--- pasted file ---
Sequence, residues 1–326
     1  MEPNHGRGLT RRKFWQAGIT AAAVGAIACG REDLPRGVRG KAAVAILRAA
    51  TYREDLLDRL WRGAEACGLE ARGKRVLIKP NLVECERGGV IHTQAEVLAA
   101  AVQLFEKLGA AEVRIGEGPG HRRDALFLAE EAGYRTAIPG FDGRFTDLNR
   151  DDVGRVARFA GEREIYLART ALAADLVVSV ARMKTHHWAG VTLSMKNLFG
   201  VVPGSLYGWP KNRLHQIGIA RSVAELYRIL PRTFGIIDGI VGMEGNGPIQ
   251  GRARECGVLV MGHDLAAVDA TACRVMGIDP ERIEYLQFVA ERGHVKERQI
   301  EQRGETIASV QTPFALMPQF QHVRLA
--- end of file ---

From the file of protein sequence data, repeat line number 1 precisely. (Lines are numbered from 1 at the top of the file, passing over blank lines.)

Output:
Sequence, residues 1–326